Forgiving Sins Against Us

Forgiving sins against us can be very difficult. Below are three truths to "hear" daily and four commitments to exercise in order to find the power to forgive. For each section look up the verses cited and write a prayer to the Father confessing where you have struggled to believe His perspective or apply His instructions toward the person to whom has sinned against you. Ask him for help in believing His Word and doing His will in the pain you are suffering. Ask him for his forgiveness as you commit to moving forward in forgiveness. Hide in your heart daily for the next month key verses from this study. Choose verses that best remind you to affirm and put into action what the Holy Spirit has revealed to you about biblical forgiveness. Move away from bitter thoughts by rehearsing specific verses below and taking specific steps of obedience by faith.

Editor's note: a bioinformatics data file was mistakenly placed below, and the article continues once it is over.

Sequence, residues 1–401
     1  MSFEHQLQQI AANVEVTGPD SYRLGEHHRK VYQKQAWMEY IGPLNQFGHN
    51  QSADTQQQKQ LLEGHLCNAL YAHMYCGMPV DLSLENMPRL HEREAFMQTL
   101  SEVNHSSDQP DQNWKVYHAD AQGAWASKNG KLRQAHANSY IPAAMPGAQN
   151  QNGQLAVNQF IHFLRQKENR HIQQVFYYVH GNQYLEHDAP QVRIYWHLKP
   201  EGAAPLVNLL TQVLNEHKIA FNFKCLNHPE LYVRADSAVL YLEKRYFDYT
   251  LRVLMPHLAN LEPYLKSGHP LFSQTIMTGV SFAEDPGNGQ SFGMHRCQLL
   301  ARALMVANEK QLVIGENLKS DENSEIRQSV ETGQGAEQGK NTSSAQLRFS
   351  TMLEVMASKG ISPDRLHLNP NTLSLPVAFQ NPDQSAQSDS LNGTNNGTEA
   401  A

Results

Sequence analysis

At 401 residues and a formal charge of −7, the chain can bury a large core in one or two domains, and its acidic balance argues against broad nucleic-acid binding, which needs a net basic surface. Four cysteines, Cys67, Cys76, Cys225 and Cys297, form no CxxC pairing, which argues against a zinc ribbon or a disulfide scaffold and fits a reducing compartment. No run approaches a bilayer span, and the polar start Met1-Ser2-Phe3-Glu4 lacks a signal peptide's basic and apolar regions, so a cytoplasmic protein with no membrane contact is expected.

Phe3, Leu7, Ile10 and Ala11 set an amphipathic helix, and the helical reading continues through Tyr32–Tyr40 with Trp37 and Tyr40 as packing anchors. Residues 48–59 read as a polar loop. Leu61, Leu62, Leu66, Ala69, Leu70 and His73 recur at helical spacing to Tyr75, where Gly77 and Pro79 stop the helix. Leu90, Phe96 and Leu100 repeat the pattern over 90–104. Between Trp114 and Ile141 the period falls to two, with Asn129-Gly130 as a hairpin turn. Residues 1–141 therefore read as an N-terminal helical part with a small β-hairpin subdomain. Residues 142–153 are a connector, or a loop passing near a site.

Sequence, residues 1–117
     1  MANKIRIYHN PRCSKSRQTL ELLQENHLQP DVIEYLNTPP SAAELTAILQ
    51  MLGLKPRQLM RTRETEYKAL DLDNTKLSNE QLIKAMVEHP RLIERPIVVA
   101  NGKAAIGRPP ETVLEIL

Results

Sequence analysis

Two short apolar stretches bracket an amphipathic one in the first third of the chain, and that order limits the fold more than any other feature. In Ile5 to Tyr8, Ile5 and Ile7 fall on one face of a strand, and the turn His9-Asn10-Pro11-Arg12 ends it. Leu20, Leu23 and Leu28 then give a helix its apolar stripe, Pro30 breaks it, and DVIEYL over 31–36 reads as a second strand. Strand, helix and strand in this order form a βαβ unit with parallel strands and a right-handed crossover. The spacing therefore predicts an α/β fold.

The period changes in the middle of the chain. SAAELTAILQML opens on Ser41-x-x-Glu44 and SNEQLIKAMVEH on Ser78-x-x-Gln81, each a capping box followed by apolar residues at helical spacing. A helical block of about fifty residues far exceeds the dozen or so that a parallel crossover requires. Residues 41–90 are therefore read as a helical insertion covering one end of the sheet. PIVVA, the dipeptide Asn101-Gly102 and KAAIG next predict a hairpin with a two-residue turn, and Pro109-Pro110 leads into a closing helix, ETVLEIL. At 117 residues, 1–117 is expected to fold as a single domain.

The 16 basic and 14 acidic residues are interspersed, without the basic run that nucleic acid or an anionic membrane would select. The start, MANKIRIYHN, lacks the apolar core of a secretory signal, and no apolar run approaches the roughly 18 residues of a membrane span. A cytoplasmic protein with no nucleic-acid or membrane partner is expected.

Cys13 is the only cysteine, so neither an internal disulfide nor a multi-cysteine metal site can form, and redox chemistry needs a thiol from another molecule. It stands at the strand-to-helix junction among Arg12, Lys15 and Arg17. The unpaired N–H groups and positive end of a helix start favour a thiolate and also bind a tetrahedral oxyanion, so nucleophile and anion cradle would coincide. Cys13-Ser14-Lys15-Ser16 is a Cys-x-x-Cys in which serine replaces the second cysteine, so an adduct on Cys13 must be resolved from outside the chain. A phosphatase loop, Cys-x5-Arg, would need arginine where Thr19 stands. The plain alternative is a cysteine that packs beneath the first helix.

A. REHEARSE THE TRUTH - Renew Your Faith Daily In Three Biblical, Faith-Affirmations

1. God Is My Sovereign Father - Rom 8:28-29; Heb 12:7-10
I believe that no matter what has happened or will happen to me, God turns all into good for those in Christ, for He alone is sovereign, good, and wise (Rom 8:28). He can and must be trusted, if I am going to be enabled to forgive (Heb 11:6). The best example of this reality is Jesus Christ on the cross. His faith in His Sovereign Father helped him endure and forgive – Matt 26:53; 1 Pet 2:23; Heb 12:2; Lk 23:34; the Father used the worst event in history to accomplish the greatest good in history – 1 Cor 2:7-8; Col 2:15

2. I Am a Forgiven Sinner – Mat 18:21-35; Luke 7:47-48
I believe that no matter what my offender did to me, my sin and sinfulness before God is infinitely worse (see Jesus’ parable in Matthew 18:21-35). Yet, I have not received the damnation I deserve (Eph 2:1-5), and instead I have received what I do not – every spiritual blessing as an adopted child of God by grace through Christ (1 Jn 3:1; Eph 1:3ff; Eph 2:8-9). The more I am aware of how great the benefits are that I have received through Christ and how great the debt was that I owed to God, the more easily I can forgive others their sins against me (Luke 7:47-48). The only reason I have acted better than my offender has, is because of the grace of God in Christ - Christ in me (Gal 2:20; 1 Cor 15:10).

3. God Is a Righteous Judge - Rom 12:17-21; Ps 37; Matt 18:32-35